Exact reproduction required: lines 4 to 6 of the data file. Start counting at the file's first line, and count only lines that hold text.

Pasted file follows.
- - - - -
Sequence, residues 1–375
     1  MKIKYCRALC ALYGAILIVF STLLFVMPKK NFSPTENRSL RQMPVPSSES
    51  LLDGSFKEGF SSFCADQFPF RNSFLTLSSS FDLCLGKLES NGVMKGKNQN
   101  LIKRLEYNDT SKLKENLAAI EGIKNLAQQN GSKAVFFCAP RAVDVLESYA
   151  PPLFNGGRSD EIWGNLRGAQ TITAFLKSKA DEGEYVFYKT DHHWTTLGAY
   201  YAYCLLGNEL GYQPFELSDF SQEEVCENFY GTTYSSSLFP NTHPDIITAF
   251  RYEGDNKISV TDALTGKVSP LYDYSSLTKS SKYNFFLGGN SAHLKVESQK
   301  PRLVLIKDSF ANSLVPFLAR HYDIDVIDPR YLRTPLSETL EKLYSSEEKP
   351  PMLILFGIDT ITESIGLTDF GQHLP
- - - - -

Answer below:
   101  LIKRLEYNDT SKLKENLAAI EGIKNLAQQN GSKAVFFCAP RAVDVLESYA
   151  PPLFNGGRSD EIWGNLRGAQ TITAFLKSKA DEGEYVFYKT DHHWTTLGAY
   201  YAYCLLGNEL GYQPFELSDF SQEEVCENFY GTTYSSSLFP NTHPDIITAF